About the Data
Learn about our methods and download our data
This website, and the data featured on it, are a product of State of Health — an initiative of the Center on Society and Health at Virginia Commonwealth University, funded by the Robert Wood Johnson Foundation. This site focuses on mapping the results of health outcomes and key conditions that shape health. As part of this project, our team also conducted extensive statistical testing to determine which variables were the best predictors of state health outcomes. The method we used, called best subset multiple regression, is described in the technical report to the right.
That analysis identified eight variables that performed best in predicting health outcomes at the state level. Those variables were (1) median household income, (2) the proportion of the population with a bachelor’s degree or higher, (3) neighborhood resources for children, (4) childhood trauma, (5) avoidable hospitalizations, (6) access to primary care physicians, (7) state income support, and (8) tobacco tax rates.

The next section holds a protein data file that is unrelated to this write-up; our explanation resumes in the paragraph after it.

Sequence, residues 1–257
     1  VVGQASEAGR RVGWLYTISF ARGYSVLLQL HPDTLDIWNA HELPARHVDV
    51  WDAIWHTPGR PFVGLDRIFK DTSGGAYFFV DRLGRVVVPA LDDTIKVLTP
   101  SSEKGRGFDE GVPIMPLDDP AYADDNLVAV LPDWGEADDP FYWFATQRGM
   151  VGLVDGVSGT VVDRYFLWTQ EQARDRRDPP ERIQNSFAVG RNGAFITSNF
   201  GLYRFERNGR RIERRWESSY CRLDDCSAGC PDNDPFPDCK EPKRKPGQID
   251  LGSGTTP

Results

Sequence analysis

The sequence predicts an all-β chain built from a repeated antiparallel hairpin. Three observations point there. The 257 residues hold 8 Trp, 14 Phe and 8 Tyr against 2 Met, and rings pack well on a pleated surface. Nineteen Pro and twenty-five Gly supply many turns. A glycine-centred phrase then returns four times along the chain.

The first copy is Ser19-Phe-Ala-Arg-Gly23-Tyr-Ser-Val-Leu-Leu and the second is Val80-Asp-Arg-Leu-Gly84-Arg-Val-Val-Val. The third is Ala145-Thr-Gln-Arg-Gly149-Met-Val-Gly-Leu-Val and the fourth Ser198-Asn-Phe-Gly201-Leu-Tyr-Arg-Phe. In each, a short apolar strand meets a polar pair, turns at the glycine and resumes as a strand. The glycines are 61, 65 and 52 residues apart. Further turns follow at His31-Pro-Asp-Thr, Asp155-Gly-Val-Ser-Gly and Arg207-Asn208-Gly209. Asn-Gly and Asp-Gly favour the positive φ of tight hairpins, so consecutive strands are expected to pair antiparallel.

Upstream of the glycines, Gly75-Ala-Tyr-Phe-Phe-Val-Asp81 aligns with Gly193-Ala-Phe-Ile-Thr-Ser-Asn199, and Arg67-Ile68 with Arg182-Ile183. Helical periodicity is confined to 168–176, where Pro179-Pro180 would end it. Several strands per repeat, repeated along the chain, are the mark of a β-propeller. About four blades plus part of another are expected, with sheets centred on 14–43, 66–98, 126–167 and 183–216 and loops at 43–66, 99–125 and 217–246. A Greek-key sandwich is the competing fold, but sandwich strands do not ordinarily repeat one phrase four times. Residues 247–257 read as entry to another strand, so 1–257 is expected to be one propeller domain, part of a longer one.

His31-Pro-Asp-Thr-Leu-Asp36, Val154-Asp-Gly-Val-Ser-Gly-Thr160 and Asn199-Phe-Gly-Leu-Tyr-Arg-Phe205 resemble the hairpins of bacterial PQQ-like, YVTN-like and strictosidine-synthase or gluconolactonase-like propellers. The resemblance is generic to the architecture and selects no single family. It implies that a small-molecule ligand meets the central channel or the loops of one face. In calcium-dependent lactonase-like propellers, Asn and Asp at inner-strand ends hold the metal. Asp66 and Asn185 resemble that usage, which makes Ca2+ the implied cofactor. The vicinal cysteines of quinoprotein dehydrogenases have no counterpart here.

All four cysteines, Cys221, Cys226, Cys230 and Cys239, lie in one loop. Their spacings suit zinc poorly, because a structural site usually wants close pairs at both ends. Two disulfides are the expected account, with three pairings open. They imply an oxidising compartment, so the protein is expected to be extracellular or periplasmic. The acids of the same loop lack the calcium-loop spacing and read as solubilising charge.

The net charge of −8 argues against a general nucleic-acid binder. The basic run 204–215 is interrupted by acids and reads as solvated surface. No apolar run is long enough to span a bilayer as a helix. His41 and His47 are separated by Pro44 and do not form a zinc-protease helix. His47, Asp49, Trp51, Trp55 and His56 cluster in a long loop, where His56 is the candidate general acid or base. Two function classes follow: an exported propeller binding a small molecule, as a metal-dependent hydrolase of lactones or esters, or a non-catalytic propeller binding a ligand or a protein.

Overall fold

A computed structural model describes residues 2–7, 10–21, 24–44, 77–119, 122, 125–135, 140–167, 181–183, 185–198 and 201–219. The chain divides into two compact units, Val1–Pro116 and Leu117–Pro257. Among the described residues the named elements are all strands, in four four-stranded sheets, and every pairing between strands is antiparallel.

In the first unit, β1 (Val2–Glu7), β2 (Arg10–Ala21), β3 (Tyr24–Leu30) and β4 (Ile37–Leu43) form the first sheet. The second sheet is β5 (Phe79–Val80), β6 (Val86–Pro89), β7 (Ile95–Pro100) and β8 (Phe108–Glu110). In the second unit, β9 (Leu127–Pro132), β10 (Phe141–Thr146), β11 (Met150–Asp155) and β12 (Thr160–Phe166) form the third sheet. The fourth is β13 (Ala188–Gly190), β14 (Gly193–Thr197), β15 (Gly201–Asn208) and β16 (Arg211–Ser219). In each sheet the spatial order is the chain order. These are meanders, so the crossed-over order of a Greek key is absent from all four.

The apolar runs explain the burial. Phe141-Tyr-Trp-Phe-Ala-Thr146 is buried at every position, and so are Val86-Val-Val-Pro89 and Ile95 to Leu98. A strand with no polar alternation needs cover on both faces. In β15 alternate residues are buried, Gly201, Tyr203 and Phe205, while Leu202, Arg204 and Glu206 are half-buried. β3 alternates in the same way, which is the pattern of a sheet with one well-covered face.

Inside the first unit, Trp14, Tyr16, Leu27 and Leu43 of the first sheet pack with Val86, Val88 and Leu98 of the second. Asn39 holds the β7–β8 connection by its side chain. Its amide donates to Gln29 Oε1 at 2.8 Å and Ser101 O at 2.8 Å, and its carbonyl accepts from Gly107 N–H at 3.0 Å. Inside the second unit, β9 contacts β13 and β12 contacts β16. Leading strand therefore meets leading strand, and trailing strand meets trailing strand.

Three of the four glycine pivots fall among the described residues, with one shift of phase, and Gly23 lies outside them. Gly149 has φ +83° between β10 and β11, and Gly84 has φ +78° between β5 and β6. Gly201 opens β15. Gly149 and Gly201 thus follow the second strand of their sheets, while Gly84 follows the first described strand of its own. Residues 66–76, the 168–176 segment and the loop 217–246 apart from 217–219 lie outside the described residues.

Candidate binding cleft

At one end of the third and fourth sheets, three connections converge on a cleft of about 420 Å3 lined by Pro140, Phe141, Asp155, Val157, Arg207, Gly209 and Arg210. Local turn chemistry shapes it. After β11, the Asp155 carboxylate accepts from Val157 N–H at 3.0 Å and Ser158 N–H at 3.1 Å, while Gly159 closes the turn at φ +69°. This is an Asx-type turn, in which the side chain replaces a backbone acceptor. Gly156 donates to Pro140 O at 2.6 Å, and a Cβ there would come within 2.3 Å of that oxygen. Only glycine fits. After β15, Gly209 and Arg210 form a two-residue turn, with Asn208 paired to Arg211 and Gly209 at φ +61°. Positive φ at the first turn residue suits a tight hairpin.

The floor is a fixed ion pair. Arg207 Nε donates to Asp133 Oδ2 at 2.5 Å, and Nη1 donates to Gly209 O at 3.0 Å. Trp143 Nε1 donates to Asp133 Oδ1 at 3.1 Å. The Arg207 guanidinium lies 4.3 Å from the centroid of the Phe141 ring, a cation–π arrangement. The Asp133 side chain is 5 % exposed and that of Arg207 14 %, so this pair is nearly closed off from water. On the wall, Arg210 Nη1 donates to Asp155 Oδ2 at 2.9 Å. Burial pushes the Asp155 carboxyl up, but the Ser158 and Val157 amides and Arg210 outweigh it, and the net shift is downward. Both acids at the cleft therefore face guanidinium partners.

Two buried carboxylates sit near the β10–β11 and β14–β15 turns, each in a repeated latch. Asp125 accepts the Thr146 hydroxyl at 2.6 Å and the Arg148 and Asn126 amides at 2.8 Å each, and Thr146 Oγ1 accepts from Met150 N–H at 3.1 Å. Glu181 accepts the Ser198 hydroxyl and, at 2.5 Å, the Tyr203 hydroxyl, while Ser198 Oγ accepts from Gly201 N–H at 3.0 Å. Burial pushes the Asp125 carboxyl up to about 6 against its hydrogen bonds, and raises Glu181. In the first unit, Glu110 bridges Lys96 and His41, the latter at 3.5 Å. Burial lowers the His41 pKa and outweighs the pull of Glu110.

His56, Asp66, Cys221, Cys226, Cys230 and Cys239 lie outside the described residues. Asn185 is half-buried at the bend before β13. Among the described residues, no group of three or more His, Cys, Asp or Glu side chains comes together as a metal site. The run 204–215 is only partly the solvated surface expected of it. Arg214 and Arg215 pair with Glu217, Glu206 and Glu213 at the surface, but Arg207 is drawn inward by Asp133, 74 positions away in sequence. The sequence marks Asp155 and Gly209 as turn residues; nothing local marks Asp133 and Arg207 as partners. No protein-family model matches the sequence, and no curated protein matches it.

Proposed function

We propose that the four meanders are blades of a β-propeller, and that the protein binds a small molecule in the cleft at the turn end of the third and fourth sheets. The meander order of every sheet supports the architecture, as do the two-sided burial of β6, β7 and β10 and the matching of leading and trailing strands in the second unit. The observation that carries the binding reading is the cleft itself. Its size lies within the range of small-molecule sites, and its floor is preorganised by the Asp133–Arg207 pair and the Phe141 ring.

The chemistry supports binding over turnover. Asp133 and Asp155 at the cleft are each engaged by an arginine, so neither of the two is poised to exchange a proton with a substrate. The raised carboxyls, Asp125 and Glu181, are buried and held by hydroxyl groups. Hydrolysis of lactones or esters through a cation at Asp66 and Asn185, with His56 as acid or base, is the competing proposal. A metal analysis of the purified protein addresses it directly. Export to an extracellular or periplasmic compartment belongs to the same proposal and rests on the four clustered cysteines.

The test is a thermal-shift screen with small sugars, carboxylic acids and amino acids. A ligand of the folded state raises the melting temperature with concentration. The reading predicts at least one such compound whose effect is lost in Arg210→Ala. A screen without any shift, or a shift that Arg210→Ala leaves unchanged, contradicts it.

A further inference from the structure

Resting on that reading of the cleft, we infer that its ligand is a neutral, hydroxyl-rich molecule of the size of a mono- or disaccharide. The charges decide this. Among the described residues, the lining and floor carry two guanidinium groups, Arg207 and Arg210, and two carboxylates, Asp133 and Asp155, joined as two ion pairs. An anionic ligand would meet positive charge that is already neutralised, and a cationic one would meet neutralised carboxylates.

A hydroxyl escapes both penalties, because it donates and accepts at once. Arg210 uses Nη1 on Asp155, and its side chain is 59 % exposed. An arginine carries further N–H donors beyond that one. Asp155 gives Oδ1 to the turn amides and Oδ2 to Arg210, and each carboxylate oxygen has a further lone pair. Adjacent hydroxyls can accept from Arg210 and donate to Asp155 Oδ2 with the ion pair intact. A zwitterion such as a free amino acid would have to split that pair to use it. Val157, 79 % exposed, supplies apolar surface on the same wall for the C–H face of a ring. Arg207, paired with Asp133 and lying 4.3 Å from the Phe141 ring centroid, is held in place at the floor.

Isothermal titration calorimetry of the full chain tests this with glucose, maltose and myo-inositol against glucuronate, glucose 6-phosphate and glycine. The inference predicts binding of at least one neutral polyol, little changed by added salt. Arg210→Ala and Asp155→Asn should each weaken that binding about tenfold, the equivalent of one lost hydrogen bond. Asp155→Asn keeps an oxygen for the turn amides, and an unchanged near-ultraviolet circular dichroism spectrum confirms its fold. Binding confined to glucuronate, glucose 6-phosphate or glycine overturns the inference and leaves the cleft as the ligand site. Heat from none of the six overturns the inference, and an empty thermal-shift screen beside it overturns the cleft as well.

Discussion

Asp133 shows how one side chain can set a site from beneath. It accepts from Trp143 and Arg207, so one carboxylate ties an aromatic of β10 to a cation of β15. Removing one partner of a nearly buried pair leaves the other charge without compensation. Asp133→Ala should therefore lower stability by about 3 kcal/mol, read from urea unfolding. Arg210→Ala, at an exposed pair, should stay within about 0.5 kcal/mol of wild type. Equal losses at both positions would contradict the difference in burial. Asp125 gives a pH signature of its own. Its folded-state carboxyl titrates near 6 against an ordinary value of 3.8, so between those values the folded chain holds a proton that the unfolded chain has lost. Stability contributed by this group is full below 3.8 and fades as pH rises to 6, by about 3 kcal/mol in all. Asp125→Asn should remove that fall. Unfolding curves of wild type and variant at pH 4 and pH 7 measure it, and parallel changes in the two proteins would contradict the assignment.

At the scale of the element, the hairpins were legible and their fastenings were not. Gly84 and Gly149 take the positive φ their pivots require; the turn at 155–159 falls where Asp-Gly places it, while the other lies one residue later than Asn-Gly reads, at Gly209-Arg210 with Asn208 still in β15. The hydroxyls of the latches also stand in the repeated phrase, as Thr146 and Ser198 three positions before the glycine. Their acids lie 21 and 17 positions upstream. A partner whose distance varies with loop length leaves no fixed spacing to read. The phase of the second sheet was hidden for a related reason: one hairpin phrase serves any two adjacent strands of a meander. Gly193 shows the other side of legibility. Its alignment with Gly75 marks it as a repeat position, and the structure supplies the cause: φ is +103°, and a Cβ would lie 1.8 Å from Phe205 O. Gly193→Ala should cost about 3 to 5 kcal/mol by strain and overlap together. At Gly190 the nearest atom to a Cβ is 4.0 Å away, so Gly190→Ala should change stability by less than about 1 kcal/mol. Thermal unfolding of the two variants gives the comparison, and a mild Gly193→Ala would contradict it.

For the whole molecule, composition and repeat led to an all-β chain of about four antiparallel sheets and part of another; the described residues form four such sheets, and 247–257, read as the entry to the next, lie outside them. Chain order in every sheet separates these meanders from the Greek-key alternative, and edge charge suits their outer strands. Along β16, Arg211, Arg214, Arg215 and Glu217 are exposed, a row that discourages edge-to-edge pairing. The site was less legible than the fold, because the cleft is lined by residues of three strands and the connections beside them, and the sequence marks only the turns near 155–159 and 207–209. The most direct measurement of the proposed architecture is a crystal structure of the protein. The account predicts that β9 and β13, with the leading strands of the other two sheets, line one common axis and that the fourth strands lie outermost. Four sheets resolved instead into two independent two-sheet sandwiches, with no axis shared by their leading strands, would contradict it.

These associations do not necessarily imply causal relationships — in other words, what predicts health does not always directly affect health — nor do these correlations provide evidence about the effectiveness of specific policy solutions. What’s important to note about these variables are their interrelationships. For instance, states with fewer neighborhood resources for children also tend to have lower median household income, fewer college graduates, less access to primary care, more food insecurity, more avoidable hospitalizations, greater childhood trauma, and more adults in prison. People in these same states also had more activity limitations and higher rates of stroke, lung cancer, breast cancer, adult overweight/obesity, infant mortality, motor vehicle fatalities, and smoking, as well as higher overall mortality rates and lower life expectancy. Download our data to explore similar interrelationships with the other seven variables.
We hope you’ve found this summary useful. Please reach out (email@example.com) with any questions, suggestions for how to make the site work even better for you, or to share wonderful stories about how our data has helped you move health-supportive policies and programs forward in your state or across the country. We’re excited to hear from you!
We collected data for the 50 states on 50 health outcomes and 107 conditions that affect health (a subset of these are featured on this site’s mapping tool).
The data we examined, as well as the data sources, are described in detail in this technical reportDownload